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ARS Home » Northeast Area » Beltsville, Maryland (BHNRC) » Beltsville Human Nutrition Research Center » Nutrient Data Laboratory » Research » Publications at this Location » Publication #183614


item Andrews, K
item Zhao, C
item Holden, Joanne
item Perry, C
item Schweitzer, A
item Wolf, Wayne
item Harnly, James - Jim
item Dwyer, J
item Picciano, M
item Saldanha, L
item Fisher, K
item Betz, J
item Yetley, E
item Radimer, K
item Bindewald, B

Submitted to: Experimental Biology
Publication Type: Abstract Only
Publication Acceptance Date: 7/26/2005
Publication Date: 4/2/2005
Citation: Andrews, K., Zhao, C., Holden, J.M., Perry, C., Schweitzer, A., Wolf, W.R., Harnly, J.M., Dwyer, J., Picciano, M., Saldanha, L., Fisher, K., Betz, J., Yetley, E., Radimer, K., Bindewald, B. Selection of representative multivitamin products based on % daily value levels for specific nutrients. Experimental Biology Conference, April 2-6, 2005.

Interpretive Summary:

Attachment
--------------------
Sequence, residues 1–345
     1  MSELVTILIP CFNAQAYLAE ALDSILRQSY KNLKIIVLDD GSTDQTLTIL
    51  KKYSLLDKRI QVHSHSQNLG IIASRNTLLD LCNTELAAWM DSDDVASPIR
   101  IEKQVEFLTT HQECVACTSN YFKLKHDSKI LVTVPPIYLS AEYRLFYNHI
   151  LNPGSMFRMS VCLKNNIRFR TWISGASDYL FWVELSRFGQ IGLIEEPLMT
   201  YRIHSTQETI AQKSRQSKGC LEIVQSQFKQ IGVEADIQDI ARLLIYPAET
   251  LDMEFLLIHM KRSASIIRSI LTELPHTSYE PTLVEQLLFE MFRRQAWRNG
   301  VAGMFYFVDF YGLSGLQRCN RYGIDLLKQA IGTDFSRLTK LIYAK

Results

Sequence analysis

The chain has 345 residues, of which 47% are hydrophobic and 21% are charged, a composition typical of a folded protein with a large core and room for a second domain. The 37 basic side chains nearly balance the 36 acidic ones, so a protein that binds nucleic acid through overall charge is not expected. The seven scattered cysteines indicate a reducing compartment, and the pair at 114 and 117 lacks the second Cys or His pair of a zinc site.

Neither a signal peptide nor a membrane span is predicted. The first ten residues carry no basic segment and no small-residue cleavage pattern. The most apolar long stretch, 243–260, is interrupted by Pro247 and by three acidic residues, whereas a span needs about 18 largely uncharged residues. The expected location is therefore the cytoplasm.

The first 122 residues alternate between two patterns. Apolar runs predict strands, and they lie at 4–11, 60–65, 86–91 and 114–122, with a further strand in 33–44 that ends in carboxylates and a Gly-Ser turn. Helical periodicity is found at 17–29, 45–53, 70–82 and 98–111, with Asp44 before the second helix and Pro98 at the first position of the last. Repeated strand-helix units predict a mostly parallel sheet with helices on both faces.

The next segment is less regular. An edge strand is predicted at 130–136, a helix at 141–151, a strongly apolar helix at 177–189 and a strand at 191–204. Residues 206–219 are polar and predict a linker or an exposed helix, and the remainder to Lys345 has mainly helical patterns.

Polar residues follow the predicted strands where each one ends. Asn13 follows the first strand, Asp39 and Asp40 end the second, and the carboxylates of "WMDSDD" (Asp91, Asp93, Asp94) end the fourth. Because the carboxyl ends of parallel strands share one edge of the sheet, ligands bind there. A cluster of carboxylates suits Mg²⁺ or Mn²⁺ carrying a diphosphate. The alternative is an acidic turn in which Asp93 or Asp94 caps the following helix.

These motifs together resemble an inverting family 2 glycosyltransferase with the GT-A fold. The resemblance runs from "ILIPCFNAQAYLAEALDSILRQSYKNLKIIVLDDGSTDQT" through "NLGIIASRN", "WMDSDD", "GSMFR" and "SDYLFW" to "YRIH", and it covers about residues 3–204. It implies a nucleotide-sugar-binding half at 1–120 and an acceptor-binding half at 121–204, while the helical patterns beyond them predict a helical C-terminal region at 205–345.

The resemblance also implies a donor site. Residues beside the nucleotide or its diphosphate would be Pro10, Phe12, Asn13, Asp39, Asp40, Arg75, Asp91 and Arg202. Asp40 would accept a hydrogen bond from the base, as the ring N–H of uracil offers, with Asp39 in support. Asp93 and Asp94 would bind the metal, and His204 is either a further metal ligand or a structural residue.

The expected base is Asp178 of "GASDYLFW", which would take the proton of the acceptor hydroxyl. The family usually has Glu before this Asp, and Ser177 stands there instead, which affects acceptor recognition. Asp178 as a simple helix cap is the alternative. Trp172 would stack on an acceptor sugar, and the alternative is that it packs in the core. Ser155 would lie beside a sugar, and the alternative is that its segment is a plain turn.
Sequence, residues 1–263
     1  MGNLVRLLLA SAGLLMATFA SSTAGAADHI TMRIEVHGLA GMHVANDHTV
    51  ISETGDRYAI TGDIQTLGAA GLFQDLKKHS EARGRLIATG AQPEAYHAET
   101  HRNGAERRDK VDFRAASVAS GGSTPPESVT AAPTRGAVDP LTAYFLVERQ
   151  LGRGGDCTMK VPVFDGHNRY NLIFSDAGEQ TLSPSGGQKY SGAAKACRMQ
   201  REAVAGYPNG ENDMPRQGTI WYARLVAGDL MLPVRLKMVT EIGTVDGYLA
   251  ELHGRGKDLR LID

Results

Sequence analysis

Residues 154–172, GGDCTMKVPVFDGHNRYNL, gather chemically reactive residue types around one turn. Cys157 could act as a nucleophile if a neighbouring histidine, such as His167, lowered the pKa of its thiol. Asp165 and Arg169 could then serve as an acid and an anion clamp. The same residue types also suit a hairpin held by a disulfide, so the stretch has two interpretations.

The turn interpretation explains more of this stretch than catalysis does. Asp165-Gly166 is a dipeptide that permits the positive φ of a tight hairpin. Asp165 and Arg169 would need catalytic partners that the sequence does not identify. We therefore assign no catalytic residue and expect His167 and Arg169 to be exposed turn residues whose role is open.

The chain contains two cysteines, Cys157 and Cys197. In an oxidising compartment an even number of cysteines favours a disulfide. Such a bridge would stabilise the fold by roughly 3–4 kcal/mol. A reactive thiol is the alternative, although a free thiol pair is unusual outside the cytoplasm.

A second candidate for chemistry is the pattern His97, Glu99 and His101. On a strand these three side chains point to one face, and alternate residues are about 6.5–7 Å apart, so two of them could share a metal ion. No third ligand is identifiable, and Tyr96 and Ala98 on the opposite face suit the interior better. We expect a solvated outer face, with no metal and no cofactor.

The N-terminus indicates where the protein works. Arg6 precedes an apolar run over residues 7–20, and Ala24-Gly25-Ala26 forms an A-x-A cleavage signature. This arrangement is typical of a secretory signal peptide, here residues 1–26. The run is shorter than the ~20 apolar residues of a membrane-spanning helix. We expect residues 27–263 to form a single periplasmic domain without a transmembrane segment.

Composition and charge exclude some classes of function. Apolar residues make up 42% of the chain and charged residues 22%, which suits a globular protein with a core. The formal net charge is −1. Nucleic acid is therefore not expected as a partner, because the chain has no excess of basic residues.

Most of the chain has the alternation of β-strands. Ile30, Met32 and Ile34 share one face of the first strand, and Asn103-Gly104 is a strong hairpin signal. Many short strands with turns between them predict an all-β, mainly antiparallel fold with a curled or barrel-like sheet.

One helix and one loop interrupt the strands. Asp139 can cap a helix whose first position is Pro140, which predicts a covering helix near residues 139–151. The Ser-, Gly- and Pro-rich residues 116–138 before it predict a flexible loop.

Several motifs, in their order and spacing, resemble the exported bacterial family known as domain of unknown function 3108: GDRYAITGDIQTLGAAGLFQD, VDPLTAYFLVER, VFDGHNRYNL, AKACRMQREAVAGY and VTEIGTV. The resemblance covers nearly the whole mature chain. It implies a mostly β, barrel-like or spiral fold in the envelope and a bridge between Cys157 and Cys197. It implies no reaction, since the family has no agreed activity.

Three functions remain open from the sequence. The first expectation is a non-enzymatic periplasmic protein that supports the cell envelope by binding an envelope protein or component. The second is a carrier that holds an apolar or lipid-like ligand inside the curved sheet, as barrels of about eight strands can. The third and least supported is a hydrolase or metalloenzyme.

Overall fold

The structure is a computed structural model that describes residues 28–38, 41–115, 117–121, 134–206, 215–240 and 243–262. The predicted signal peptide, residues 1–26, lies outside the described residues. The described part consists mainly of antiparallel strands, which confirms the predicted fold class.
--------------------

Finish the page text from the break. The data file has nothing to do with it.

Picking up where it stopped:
Technical Abstract: A process for identifying representative multivitamin products based on specific ingredient levels has been developed using the dietary supplement files from the National Health and Nutrition Evaluation Survey (NHANES) 1999-2000 data set. Six high priority (Tier 1) nutrients (folic acid, vitamins C, A and E, calcium and iron) were evaluated. The nutrient levels in all multivitamins (containing 3 or more vitamins) that contained at least one of the Tier 1 nutrients were converted to their % Daily Value (% DV), which are the recommended daily amounts based on a 2000 calorie diet. For each of the six nutrients, a distribution of %DV levels vs. weighted frequency of use showed 3-4 major % DV levels in the products. The 3 top % DV levels for folic acid were 75%, 100%, and 250%. For Vitamins A, E and C, the range for the most frequently used % DV was 50-400%. The most common % DV levels for iron in multivitamins were 100%, 50%, and 150%. In contrast, for calcium containing multivitamins, the most common calcium level consisted of 16% DV, with 20% DV and 10% DV being the next most common. Five products representing each of these % DV levels were chosen for analysis in order to test for any systematic relationship between label values and actual values. This project was funded by ODS/NIH Y4-HV-0051-05.